─ Presented at Society of Nuclear Medicine and Molecular Imaging (SNMMI) Annual Meeting ─ Blue Earth Diagnostics, a molecular imaging diagnostics company, today announced results from a retrospective, observational analysis evaluating the safety and effectiveness of 18F-fluciclovine in the detection of recurrent gliomas in adults, using data from multiple research sites. The primary aim was to determine the Positive Predictive Value (PPV) of 18F-fluciclovine PET to detect glioma in comparison to a histopathological truth standard. Results demonstrated that among the patients with recurrent glioma (n=17), 18F-fluciclovine PET demonstrated a PPV of 88.2%, a detection rate of 100% and sensitivity of 100%. No adverse events related to 18F-fluciclovine were reported in the study. 18F-fluciclovine is a synthetic amino acid labeled with the radioisotope F 18, enabling PET imaging which may help visualize the increased amino acid transport that occurs in malignant brain tumors such as glioma.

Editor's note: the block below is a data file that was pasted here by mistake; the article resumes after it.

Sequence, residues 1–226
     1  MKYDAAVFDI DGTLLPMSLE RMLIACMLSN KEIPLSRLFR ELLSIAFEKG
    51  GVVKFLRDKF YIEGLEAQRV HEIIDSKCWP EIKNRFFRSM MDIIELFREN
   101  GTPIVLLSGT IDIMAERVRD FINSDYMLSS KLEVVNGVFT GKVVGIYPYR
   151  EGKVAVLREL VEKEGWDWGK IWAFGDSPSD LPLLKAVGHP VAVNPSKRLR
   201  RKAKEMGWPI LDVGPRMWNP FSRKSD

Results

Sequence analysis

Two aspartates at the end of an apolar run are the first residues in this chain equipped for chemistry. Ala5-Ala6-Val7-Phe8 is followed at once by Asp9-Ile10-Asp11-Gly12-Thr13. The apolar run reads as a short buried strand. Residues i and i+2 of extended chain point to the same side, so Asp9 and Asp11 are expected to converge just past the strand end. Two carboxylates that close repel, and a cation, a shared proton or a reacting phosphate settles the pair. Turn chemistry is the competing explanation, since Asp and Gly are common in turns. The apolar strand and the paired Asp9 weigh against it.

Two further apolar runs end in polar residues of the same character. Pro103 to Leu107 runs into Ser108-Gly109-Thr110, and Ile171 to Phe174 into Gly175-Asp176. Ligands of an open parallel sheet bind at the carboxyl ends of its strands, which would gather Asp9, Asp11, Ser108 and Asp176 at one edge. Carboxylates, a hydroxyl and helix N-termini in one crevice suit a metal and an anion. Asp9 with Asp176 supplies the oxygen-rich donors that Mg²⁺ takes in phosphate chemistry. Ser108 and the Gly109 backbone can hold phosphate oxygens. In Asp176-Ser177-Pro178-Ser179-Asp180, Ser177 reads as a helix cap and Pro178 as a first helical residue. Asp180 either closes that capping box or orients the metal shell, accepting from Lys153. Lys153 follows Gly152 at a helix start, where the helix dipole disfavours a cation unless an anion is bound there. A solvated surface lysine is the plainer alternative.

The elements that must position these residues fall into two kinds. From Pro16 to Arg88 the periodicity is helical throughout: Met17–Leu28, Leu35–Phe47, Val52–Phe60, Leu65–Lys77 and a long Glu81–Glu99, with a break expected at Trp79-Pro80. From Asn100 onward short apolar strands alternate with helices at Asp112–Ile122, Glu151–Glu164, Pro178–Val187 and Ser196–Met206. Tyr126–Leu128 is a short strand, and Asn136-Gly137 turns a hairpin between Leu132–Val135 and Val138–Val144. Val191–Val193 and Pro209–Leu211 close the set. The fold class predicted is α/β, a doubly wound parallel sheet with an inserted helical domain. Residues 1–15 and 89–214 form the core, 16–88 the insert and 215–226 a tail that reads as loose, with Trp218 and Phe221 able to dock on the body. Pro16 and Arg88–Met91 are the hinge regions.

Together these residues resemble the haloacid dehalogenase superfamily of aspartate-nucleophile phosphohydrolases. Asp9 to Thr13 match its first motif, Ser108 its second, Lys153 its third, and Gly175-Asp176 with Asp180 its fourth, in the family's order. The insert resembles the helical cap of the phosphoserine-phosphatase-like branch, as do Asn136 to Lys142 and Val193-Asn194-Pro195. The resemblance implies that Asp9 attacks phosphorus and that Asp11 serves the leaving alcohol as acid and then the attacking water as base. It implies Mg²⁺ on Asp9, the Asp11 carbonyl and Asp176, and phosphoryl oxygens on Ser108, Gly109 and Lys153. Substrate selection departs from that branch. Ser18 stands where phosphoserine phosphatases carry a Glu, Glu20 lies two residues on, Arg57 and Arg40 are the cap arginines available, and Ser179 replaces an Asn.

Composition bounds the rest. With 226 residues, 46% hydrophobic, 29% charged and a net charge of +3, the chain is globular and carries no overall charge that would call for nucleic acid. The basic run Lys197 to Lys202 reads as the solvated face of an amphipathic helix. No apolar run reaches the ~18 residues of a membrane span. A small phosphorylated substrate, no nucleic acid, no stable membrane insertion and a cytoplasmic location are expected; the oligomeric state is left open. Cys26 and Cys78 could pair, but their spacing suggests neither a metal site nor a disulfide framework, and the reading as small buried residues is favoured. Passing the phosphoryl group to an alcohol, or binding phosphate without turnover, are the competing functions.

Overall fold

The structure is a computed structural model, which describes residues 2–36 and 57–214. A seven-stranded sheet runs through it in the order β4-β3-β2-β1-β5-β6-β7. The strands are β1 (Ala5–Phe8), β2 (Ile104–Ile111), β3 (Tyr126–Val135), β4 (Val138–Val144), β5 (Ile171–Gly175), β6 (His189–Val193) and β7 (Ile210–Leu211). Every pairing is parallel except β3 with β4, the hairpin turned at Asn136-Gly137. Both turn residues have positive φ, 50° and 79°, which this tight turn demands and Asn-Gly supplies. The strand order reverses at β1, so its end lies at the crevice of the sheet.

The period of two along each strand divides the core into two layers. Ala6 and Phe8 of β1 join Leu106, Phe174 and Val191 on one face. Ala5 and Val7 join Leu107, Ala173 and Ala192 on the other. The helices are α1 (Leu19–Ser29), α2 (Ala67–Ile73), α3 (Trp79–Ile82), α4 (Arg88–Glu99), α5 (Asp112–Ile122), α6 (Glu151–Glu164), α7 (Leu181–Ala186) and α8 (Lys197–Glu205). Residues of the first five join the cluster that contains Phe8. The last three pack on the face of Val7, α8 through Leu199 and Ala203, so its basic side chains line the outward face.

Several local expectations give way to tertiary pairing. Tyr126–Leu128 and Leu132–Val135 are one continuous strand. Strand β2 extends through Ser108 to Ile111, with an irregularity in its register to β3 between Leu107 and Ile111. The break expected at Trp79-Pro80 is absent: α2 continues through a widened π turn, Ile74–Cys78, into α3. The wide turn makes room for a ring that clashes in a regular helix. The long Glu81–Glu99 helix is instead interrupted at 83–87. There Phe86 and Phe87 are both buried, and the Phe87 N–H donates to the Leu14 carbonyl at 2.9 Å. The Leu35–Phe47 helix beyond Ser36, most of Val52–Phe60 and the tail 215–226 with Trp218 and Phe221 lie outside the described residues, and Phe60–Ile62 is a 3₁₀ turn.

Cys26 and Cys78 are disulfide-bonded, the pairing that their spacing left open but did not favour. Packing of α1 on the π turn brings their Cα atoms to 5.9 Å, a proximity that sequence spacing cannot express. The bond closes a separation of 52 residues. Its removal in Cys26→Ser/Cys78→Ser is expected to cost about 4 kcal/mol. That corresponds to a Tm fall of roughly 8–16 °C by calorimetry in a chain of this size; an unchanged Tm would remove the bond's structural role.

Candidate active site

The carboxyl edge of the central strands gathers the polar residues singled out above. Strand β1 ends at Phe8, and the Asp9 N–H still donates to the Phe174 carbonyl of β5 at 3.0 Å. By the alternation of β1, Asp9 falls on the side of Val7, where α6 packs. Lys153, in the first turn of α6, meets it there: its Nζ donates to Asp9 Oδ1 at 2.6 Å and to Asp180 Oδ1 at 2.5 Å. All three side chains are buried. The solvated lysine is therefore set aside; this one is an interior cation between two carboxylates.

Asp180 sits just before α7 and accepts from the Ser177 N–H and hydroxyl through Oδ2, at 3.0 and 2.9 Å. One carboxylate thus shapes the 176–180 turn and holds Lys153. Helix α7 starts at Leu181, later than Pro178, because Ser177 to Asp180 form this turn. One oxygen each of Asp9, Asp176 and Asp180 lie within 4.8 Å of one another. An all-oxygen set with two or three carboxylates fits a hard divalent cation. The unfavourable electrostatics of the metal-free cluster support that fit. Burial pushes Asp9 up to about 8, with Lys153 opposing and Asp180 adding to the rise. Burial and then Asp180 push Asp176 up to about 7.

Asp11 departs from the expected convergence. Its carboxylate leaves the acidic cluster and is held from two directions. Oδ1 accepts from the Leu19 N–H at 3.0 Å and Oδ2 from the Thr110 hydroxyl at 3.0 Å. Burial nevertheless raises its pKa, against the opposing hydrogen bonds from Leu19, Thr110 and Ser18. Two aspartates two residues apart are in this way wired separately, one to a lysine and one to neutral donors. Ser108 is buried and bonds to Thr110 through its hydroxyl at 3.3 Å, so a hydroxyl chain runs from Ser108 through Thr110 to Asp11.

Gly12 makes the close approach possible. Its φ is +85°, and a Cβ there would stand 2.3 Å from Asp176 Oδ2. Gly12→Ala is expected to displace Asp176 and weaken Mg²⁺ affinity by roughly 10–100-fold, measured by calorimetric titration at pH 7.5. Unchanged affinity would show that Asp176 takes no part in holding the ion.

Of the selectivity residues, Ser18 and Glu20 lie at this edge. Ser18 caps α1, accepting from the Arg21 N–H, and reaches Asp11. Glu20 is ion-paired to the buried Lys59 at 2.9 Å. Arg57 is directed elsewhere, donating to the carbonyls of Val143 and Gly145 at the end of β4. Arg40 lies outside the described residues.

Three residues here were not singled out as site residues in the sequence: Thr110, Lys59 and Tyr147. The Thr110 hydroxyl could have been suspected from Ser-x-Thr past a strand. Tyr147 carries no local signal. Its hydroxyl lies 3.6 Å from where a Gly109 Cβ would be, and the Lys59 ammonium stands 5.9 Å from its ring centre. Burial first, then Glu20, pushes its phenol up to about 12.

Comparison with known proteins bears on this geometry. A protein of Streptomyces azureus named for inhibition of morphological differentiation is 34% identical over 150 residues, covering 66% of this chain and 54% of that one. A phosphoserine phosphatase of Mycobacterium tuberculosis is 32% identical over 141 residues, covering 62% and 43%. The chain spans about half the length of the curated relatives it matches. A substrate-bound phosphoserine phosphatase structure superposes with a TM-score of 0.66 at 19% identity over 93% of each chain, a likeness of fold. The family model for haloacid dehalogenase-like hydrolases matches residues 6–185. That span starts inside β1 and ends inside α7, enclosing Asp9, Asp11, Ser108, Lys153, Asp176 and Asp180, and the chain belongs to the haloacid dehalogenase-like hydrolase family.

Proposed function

Results of the study were announced in an oral presentation, “Safety and effectiveness of 18F-fluciclovine PET in adults with recurrent glioma: a retrospective observational study,” by Tore Bach-Gansmo, MD, PhD, Oslo University Hospital, Oslo, Norway, at the Society of Nuclear Medicine and Molecular Imaging (SNMMI) Annual Meeting, June 22 – 26, 2019 in Anaheim, Ca.
“We are pleased to share results from this retrospective study of 18F-fluciclovine PET imaging of recurrent adult glioma with the nuclear medicine community at SNMMI,” said Jonathan Allis, D. Phil., CEO of Blue Earth Diagnostics. “Clinical investigations such as this can help to inform the development of innovative PET imaging agents to address important unmet medical needs.”